After censorship row, what next in Hungary?
Brussels shows and Budapest appointment overshadowed by government’s hands-on cultural policy
By Richard Unwin. Museums, Issue 221, February 2011
Published online: 10 February 2011
BRUSSELS. For those working in the Hungarian art scene, it had been hoped that the country’s six-month term at the helm of the European Union (EU) presidency, which began on 1 January, would increase awareness of their projects at home and abroad. However, rather than painting a positive picture of the first time the former Eastern Bloc country has held the title, international attention has focused on controversial domestic legislation, with Hungary’s recently elected government accused of authoritarianism.
Two big Hungarian exhibitions are set to open in Belgium, where the EU presidency is based. “Hungary in Focus” at Bozar in Brussels (4 February-8 May), which includes Balázs Kicsiny’s The New Arrivals (Temporary Resurrection), 2010, and “Joy and Disaster” at SMAK, Ghent (25 March-5 June), have been organised to mark the presidency and will seek to promote the vibrancy of Hungary’s domestic art scene.
However, Hungary’s cultural scene has been overshadowed by criticism of prime minister Viktor Orban, leader of the conservative Fidesz party which won the election last April, who has created a media watchdog that has the power to fine media outlets deemed to violate public interest, order and morals. The controversy has led to suggestions that Hungary is ill-placed to act as the EU’s figurehead.
Several of those involved in exhibiting Hungarian art abroad privately acknowledge that the controversy surrounding government policy has damaged Hungary’s international standing, but maintain that it should not detract from an appreciation of the country’s artists. Speaking about the situation, artist Hajnal Németh, who will represent Hungary at this year’s Venice Biennale, said: “In terms of contemporary art, national representation is always a contradictory matter, but I don’t represent the Hungarian government, its politics and cultural policy.”
The centre-right government is thought to be influencing the appointment of a new director for Budapest’s prestigious Mucsarnok exhibition centre.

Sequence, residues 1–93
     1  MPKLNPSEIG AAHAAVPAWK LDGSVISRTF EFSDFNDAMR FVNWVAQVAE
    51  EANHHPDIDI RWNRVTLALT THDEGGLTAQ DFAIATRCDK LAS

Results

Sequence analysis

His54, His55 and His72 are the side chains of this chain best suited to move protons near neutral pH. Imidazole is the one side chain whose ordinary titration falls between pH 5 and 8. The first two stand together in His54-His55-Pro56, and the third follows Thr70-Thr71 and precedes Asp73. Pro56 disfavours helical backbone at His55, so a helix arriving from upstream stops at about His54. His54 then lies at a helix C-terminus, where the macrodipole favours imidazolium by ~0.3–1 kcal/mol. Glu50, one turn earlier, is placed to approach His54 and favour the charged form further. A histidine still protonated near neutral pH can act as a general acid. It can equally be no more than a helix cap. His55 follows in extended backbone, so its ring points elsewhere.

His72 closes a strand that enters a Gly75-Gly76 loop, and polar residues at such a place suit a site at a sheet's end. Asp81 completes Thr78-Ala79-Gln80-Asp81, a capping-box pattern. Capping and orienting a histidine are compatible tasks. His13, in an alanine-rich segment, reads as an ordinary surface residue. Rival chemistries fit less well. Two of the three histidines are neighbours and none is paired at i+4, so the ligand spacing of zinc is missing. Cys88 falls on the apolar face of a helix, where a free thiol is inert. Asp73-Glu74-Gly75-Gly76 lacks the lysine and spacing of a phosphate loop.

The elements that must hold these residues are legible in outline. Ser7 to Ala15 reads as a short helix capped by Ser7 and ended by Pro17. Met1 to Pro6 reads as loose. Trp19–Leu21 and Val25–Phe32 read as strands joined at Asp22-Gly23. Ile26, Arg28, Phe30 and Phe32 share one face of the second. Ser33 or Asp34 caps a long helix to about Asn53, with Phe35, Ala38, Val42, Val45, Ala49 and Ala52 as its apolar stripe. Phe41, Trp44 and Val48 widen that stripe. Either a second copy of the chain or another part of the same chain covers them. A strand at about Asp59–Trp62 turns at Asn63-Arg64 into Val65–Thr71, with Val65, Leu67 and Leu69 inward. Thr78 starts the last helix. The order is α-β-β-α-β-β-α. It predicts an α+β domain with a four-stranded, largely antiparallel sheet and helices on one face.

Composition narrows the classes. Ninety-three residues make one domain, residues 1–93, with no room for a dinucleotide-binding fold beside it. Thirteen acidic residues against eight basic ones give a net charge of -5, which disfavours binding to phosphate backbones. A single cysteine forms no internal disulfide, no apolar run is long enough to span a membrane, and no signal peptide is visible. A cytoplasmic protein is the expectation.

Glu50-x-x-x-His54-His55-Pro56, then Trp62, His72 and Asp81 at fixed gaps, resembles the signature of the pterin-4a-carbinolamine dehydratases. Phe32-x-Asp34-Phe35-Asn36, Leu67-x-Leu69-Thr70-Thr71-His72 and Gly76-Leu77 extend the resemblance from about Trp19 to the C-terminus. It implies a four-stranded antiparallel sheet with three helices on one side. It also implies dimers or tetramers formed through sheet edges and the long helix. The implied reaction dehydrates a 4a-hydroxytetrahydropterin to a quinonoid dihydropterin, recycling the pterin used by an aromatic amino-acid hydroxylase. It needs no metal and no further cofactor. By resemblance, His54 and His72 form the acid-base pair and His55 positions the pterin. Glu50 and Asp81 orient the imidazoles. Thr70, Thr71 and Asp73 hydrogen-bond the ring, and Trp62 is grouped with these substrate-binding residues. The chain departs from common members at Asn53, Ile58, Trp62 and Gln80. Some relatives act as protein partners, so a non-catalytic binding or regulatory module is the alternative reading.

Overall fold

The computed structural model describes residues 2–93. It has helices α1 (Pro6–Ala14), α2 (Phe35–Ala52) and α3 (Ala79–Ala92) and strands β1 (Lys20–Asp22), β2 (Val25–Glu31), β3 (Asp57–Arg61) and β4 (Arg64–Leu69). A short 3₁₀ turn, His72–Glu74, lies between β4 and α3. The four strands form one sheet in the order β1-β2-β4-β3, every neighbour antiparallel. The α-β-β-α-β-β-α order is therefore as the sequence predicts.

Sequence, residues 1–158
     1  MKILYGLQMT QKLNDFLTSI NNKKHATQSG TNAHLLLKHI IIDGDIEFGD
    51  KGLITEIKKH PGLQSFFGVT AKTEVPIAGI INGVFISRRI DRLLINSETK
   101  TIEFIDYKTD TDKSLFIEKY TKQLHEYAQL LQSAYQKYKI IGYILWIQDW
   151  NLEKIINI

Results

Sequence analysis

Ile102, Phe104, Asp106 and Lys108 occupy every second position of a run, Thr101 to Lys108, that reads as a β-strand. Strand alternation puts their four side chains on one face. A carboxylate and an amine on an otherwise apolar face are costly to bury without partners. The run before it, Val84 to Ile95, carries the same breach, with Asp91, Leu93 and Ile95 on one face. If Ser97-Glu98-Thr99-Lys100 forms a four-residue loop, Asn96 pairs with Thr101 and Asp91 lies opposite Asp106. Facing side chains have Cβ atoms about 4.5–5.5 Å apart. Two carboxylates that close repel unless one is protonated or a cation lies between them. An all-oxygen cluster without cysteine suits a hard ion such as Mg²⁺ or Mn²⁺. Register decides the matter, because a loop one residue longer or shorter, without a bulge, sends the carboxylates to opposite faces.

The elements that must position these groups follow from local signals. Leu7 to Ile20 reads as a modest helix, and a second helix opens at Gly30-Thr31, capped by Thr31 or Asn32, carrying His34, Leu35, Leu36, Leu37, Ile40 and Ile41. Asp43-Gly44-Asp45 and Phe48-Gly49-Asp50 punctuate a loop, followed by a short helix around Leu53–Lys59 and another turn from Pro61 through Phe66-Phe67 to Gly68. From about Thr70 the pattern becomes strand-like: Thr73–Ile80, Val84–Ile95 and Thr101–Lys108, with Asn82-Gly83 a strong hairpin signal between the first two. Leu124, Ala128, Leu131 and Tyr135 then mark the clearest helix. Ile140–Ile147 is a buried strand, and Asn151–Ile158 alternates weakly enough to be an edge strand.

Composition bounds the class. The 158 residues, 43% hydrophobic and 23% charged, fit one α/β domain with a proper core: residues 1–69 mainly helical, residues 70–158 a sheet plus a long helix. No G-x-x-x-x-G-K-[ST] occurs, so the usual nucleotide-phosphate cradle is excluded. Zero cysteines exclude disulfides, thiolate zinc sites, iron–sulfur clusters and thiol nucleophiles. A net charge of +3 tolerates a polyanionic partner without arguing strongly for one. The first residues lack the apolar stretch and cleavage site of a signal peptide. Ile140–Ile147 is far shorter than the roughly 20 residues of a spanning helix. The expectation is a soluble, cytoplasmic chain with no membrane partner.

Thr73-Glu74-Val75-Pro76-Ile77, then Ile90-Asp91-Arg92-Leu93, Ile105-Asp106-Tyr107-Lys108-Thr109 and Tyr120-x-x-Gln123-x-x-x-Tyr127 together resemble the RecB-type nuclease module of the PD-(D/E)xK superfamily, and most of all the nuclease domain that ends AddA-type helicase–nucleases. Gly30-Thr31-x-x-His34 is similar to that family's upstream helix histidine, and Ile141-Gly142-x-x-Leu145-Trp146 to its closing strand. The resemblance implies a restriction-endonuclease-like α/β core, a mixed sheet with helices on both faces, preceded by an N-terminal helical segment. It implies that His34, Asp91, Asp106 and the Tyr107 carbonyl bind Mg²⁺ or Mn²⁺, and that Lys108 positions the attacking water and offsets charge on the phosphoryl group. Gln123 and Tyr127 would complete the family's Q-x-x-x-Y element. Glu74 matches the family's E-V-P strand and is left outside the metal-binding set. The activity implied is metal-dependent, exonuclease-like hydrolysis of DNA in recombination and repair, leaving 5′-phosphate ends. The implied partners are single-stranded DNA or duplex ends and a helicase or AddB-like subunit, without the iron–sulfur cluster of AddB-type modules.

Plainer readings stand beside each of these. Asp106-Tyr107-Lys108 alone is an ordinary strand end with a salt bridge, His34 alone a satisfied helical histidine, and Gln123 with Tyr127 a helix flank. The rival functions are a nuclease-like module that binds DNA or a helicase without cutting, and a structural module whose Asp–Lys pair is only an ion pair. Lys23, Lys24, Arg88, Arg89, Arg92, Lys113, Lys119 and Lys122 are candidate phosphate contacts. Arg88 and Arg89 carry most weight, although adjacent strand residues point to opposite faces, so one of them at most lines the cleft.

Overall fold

Its current director, Zsolt Petranyi, was appointed under Hungary’s previous Socialist Party government. His five-year contract ended on 31 December, but he is still in the post waiting to see if it will be extended for another term.
In November a competition for the directorship was launched by the legal owners of Mucsarnok, MNV, the Hungarian State Holding Company. Petranyi applied for the post along with four other applicants, which include the contemporary art collector Francesca von Habsburg.
Controversially, MNV declared the initial competition to be “inefficient” on 29 December. Petranyi’s contract was therefore extended until 31 January, with no indication as to how a long-term solution would be sought. To further complicate the situation, while MNV is controlled by the ministry of national development, Mucsarnok’s funding is provided by a new super-ministry for national resources, which incorporates the cultural portfolio. The concern in Budapest is that MNV, under direction of the secretary of state for culture, Géza Szocs, will appoint their own preferred candidate without following a transparent competition process.
Commentators believe Von Habsburg, who has significant family connections with Hungary, is the conservative government’s preferred candidate. While Petranyi is highly respected as a director and curator, Hungarian art is looking to boost its international profile and locals are not necessarily adverse to Von Habsburg’s involvement.
Margit Valko, the curator of the commercial Kisterem Gallery in Budapest sees the positives. “To nominate a famous cosmopolitan collector and member of a museum donor family with Hungarian roots could attract massive attention to anything that is happening in an institution, and hopefully for the local art scene as well,” she said.
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